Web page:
The Transport Accident Investigation Commission (TAIC) is calling on Maritime New Zealand to address an urgent, potentially lethal, safety issue with commercial boat fuel systems.
The urgent safety issue is that Maritime New Zealand’s survey system does not adequately assure the integrity and safety of fuel systems because the rules do not require that the entire fuel system is inspected. TAIC is recommending that Maritime NZ improve its system for boat surveys and alert marine surveyors and the broader sector to the importance inspecting a vessel’s complete fuel system.
TAIC makes the call in a preliminary report during its ongoing inquiry into the capsize of the i-Catcher, an 8-metre aluminium pontoon boat, at Goose Bay near Kaikōura on 10 September 2022.
The vessel capsized after contact with what initial inquiries suggest was a whale. The skipper and five passengers were rescued from the upturned hull. Police divers retrieved five other passengers from the air pocket inside the boat, deceased.
Evidence reviewed by the Commission’s medical consultant identified that all deceased passengers showed symptoms of petrol exposure, consistent with inhalation and absorption of petrol fumes. Petrol was on the water surface in the air pocket. Exposure to concentrated petrol fumes in a confined space affects the cardiac and central nervous systems and can rapidly lead to confusion, loss of consciousness and sudden death.
Chief Investigator of Accidents Naveen Kozhuppakalam says the petrol had almost certainly leaked from flaws in the fuel system.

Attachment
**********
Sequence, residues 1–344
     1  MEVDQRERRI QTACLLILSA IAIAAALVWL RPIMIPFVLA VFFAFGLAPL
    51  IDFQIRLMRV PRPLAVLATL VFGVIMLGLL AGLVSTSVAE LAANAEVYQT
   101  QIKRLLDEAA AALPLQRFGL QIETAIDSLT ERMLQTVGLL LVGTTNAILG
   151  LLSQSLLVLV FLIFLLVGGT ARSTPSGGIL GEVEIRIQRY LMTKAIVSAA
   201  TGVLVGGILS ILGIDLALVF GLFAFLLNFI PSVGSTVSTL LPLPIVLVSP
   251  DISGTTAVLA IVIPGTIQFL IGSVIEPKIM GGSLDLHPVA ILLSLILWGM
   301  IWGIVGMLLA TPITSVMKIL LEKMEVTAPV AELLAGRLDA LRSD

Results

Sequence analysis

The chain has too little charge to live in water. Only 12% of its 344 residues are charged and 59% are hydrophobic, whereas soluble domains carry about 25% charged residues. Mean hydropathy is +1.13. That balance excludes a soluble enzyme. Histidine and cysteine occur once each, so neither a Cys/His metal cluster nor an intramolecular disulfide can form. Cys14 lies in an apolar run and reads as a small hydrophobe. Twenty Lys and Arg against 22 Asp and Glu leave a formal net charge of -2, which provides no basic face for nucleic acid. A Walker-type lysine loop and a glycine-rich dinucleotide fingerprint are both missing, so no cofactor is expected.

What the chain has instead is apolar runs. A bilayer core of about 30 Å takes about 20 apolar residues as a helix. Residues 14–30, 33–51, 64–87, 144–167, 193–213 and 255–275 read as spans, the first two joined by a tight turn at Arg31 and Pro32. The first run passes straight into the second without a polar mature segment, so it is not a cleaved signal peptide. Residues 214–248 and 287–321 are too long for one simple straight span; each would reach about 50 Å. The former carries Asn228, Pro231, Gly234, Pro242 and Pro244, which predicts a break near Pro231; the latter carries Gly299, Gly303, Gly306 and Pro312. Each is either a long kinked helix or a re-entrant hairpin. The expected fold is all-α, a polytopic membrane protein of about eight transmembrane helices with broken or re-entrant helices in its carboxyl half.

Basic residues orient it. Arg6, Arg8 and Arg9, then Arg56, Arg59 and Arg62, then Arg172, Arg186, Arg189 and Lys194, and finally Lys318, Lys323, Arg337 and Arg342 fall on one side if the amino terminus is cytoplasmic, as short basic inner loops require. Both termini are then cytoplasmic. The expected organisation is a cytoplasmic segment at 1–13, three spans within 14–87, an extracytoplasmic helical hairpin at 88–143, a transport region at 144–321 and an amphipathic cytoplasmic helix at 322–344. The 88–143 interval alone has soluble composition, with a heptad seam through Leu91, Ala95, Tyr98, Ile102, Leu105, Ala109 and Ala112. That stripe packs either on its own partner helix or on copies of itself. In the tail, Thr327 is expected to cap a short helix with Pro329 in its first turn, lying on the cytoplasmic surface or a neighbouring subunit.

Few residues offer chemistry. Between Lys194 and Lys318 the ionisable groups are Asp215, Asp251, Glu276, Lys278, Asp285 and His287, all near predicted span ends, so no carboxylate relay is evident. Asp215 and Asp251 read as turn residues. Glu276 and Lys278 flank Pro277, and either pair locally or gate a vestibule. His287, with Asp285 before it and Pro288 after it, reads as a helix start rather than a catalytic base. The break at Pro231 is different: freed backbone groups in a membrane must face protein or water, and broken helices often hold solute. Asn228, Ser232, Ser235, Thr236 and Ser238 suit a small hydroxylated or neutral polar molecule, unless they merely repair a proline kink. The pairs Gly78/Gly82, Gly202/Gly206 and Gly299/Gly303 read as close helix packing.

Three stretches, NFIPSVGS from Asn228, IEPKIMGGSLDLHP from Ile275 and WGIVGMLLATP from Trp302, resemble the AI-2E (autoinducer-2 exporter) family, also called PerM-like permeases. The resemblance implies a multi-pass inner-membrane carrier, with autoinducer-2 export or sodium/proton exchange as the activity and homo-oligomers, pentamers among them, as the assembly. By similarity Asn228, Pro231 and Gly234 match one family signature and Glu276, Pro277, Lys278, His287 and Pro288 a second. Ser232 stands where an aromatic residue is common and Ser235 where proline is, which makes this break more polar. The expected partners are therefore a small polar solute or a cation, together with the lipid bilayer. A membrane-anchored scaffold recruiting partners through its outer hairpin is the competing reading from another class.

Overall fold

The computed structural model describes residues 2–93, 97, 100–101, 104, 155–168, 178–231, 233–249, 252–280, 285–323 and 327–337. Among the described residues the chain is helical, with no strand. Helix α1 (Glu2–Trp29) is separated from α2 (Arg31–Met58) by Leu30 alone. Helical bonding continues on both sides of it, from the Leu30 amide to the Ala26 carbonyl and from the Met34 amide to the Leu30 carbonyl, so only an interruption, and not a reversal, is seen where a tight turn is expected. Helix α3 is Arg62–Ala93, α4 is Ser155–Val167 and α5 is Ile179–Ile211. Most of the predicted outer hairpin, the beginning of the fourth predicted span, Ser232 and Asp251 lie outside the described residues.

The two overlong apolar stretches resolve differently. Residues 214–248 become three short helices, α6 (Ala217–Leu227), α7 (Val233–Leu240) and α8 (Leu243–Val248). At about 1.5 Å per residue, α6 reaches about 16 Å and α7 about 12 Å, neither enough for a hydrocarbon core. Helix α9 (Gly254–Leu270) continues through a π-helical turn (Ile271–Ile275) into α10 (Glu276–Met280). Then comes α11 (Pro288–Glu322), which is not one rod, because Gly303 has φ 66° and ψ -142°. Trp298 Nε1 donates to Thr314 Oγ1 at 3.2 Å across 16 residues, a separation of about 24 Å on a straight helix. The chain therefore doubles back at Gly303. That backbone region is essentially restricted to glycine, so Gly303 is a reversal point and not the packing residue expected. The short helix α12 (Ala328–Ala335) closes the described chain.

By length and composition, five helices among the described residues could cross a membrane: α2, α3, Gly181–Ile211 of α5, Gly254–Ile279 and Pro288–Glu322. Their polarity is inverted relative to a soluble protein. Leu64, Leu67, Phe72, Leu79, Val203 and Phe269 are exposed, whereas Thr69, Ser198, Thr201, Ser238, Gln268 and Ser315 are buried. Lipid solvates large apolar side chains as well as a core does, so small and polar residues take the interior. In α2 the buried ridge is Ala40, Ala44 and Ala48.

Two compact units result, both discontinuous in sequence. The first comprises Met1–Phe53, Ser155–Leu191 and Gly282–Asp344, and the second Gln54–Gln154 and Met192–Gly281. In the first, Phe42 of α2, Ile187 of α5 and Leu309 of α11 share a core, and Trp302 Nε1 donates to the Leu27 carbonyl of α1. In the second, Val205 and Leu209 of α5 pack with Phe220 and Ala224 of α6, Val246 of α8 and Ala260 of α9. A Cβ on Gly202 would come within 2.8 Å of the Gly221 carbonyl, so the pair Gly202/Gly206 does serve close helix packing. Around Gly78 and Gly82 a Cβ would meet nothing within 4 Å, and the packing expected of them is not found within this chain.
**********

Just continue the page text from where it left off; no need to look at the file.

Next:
“A pipe connected to the secondary fuel tank vent hose had a hole that was the main source of leaked fuel,” said Mr Kozhuppakalam. “It presented a hazard that risked fire or explosion if fuel leaked when filling the tank, or risked fumes in the air pocket if the vessel overturned.
“The secondary vent hose was also ineffective because it didn’t vent to outside air; instead, it vented into the sealed metal tubing of a frame fitted to the rear of the boat.
“And there was another leak from the primary fuel tank vent hose where it joined the fuel tank and should have been secured with a hose clamp
“In i-Catcher’s thirteen years of commercial service, it was surveyed by five different marine surveyors. The Commission has yet to identify when the hole appeared, but not one survey report shows inspections of the fuel system below the deck plate, or any alert that the secondary vent tube did not actually vent to outside air.
“Surveyors are more likely to discover deficiencies if they are required to inspect the whole fuel system as a critical item – not just the parts that are easy to get to.
“This is about more than the i-Catcher; it is system-wide, nationwide because there are hundreds of boats like i-Catcher in our commercial fleet, tens of thousands more in the recreational fleet. And everyone on board a boat deserves for it to be safe.
The Commission is continuing with a full inquiry into this accident. A final report, setting out findings, safety issues and further recommendations, if any, will be issued at the completion of this inquiry. Lines of inquiry include, but are not limited to: cause of capsize; survey systems; life jacket education; and emergency response to maritime accidents.
The Transport Accident Investigation Commission opens an inquiry when it believes the circumstances of an accident or incident have - or are likely to have - significant implications for transport safety, or when the inquiry may allow the Commission to make findings or recommendations to improve transport safety.